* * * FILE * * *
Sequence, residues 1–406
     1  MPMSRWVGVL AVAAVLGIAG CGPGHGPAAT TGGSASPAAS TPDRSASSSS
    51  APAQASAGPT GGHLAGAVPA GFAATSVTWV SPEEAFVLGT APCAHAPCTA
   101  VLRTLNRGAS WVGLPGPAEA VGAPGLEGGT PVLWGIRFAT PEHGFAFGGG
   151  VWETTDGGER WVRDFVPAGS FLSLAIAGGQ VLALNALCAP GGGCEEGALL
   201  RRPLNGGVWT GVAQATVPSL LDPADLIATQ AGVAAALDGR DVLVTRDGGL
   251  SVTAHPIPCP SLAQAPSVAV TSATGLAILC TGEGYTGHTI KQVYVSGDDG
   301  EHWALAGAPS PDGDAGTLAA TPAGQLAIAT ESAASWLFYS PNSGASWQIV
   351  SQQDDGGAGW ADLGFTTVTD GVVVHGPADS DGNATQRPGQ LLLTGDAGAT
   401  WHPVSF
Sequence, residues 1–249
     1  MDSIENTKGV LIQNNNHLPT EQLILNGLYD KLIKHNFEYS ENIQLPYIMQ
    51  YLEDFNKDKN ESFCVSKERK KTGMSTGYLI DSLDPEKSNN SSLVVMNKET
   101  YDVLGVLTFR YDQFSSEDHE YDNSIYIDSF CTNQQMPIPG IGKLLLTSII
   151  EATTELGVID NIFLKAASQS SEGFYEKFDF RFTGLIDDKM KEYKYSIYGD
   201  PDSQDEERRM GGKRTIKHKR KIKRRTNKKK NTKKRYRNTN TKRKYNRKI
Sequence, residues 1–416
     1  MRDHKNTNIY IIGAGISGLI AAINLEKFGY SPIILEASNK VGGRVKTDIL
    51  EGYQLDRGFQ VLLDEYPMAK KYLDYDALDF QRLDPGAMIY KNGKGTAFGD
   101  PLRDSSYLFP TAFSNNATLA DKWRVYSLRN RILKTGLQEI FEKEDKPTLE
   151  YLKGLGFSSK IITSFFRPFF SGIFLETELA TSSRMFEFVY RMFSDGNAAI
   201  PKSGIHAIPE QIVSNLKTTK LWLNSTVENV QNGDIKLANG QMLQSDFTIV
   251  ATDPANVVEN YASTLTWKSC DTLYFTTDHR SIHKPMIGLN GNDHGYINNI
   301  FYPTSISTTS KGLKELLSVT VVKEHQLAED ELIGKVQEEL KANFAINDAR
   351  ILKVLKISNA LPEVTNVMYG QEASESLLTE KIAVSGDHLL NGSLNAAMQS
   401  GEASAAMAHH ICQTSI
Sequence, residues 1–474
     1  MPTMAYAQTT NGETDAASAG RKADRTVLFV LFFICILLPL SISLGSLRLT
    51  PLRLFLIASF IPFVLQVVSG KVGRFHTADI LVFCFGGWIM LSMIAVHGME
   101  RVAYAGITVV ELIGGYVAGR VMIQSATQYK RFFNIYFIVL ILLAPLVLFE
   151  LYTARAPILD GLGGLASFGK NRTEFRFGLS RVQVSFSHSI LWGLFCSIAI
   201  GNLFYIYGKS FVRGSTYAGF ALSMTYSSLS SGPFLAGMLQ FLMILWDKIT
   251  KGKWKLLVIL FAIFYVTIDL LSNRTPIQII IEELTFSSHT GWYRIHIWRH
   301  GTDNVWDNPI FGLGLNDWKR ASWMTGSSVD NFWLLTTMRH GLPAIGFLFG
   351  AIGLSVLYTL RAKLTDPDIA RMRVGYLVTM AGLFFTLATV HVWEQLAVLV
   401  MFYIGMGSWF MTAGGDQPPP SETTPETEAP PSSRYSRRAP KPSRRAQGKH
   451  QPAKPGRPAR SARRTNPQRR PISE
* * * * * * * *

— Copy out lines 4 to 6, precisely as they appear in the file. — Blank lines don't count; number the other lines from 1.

   101  VLRTLNRGAS WVGLPGPAEA VGAPGLEGGT PVLWGIRFAT PEHGFAFGGG
   151  VWETTDGGER WVRDFVPAGS FLSLAIAGGQ VLALNALCAP GGGCEEGALL
   201  RRPLNGGVWT GVAQATVPSL LDPADLIATQ AGVAAALDGR DVLVTRDGGL